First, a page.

‘Suburbicon’ is a Misfire of Hilarious Proportions

Suburbicon (1)What an absolute baffling train wreck of a dumpster fire…

“Suburbicon” follows a mild-mannered father living in a 1959 suburb with his wife and son. After a home invasion leaves his wife dead, things begin to get crazy in the town. Or something like that, the plot of this film is a mess. Julianne Moore and Oscar Isaac also star as George Clooney directs.

This film was on a lot of critics’ early Oscar predictions and for good reason. Working off a script by the Coen Brothers, the film has star power and George Clooney has proven he is at least a capable director with “Good Night and Good Luck” and “The Ides of March” but also has a couple misfires like “Leatherheads” and “The Monuments Men.” “Suburbicon” ranks even below those final two, as Clooney is so desperate to create a film that is topical and satirical of modern times that he ends up with a tonal and narratively incoherent.

Right from the first ten minutes it is clear something is wrong here. The film opens with a mailman delivering mail to the new neighbors, who turn out to be a black family in the all-white suburbs. This ends up being a major part of the film yet adds quite literally nothing to the film. As the “plot” progresses, the protests and riots of the neighbors get louder and larger and yet they are completely unrelated to the burglary of Damon’s home.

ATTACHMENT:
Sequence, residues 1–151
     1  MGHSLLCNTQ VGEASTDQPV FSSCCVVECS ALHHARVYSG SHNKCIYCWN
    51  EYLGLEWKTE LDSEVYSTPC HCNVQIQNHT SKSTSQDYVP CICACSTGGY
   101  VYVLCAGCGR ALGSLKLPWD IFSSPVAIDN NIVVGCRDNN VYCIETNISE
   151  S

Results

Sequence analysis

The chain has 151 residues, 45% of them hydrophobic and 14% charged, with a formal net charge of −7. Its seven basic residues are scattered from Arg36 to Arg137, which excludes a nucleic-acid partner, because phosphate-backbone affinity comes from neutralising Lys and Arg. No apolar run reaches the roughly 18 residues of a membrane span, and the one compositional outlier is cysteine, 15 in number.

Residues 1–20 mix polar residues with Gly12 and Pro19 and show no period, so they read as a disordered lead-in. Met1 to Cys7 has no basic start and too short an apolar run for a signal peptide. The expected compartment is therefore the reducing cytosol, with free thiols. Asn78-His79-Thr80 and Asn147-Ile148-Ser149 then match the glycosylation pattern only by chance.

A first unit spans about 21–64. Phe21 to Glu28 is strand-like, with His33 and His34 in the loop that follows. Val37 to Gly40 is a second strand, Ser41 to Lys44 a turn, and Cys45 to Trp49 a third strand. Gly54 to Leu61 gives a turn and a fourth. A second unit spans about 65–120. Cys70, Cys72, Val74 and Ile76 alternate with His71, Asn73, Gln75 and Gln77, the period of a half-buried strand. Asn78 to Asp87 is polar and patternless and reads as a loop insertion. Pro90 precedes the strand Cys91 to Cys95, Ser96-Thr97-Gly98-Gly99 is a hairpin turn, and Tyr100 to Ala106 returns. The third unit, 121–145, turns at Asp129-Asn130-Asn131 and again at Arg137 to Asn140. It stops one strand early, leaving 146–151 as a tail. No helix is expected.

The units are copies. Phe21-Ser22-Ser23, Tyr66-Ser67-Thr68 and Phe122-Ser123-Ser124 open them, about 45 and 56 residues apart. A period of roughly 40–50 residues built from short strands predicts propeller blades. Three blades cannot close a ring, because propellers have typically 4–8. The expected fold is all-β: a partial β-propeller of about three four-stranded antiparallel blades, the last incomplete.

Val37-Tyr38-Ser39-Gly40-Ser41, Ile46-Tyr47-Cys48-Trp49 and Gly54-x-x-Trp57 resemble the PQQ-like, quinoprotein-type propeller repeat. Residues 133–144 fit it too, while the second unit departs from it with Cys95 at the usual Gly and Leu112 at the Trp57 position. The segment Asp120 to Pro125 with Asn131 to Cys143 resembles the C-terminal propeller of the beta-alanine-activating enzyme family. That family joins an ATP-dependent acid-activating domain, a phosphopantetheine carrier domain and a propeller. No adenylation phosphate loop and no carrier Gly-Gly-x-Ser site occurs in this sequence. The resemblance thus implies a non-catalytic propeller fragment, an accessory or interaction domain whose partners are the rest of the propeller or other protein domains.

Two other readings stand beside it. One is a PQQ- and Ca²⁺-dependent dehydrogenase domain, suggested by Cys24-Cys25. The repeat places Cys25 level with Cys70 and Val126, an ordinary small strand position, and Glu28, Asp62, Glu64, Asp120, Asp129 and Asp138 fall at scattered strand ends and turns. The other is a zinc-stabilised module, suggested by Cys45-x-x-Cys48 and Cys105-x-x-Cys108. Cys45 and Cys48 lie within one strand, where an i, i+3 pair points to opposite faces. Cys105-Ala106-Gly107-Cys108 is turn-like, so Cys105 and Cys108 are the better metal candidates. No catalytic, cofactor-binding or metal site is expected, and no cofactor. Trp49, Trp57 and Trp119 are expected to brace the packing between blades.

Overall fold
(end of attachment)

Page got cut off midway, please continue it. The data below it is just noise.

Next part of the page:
Apparently this racial commentary was added by Clooney on top of the Coens’ script (which was written 10+ years ago) and it is clearly Clooney trying to make people aware of how woke he is. There are bits and pieces of Coen-esque moments, like Damon riding away from an explosion on a child’s bicycle, but the film as a whole feels awkwardly stitched together. What is the point Clooney was trying to make? That Middle America was prejudice in the 1950s? Thanks, I must’ve slept through 12 years of history class.

The performances are fine enough, no one mails it in, but it just adds to the perplexity of how this film came to be. Noah Jupe plays Damon’s son and is arguably the main character. A bit naïve with how the real world works, Jupe has a few scenes of true emotional nuance, something rarely found elsewhere here.

The real/only standout here is Oscar “I make everything better” Isaac who plays an insurance agent sent to investigate a possible fraud and murder cover-up. He’s charismatic and seems to be the only one here who knows what sort of mess he’s in and embraces the absurdity in his two scenes.

This is one of those bad movies that aren’t painful or frustrating to watch, and I would even say I wasn’t bored for a majority of it. I just stared at the screen with a puzzled look on my face; confused at both the nonsensical plot and how a film with this much talent both in front of and behind the camera could go this wrong.

Critics Rating: 4/10

Paramount Pictures

3 thoughts on “‘Suburbicon’ is a Misfire of Hilarious Proportions

  1. Enjoyable read but I cannot agree with your conclusions. There are many faults in this twin-plot muddle, but it is also an audacious way to frame the bigger story about conservative white America. I enjoyed it.


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